On Tuesday, Japanese broadcaster NHK sent an alert warning that North Korea fired a missile. A similar mistake occurred in Hawaii days earlier.
The error was corrected almost immediately, unlike in Hawaii which took longer to correct.
NHK issued the warning adding that people should take shelter. There weren't any reports of panic among Japanese residents like there were when Hawaii received the missile warning over the weekend.
The alert appeared on NHK website and was also sent to phone users who subscribed to its updates.
"North Korea appears to have launched a missile..." said NHK. "The government urges people to take shelter inside buildings or underground."
The warning was corrected five minutes later with an announcer apologizing for issuing the news update.
"This happened because equipment to send a news flash onto the Internet had been incorrectly operated. We are deeply sorry," said the announcer while bowing deeply.
NHK also put out a statement apologizing for the news story on the English version of its website.
"NHK is apologizing after issuing a false alert that said North Korea had probably launched a missile and warned people in Japan to take cover," said NHK.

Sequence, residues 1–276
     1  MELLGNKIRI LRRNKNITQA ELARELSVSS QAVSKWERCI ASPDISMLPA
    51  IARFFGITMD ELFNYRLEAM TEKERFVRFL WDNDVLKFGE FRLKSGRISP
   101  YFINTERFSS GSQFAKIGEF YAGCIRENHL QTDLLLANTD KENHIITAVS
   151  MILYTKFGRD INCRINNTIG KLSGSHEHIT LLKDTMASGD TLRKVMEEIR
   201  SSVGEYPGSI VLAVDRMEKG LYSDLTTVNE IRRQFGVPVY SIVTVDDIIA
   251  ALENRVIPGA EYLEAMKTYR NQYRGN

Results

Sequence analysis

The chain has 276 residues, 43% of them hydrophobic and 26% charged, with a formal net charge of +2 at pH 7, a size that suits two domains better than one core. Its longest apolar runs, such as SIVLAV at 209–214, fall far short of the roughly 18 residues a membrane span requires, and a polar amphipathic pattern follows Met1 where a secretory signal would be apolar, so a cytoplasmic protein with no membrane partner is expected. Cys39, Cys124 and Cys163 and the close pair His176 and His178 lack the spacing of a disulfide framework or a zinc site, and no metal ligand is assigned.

North Korea fired two missiles over Japan last year.
On Saturday, Hawaii went through a similar panic when the emergency alert notification system sent out a warning to residents of Hawaii.
"BALLISTIC MISSILE THREAT INBOUND TO HAWAII. SEEK IMMEDIATE SHELTER. THIS IS NOT A DRILL."
The alert went out on television, radio, and phones. A correction to the original message was sent to residents 38 minutes later.
Hawaii's Emergency Management Agency announced that the mistake took place during a routine drill run after a shift change. The agency did not name the officer responsible for the mistake. It did say that the officer selected the wrong template.
A spokesman for the agency said that the officer "selected the wrong menu option."
During this time there was a sense of confusion, alarm, and people generally not knowing what to do in this situation.
North Korean leader Kim Jong-un and U.S. President Trump are engaged in a war of words regarding the North Korean missile program.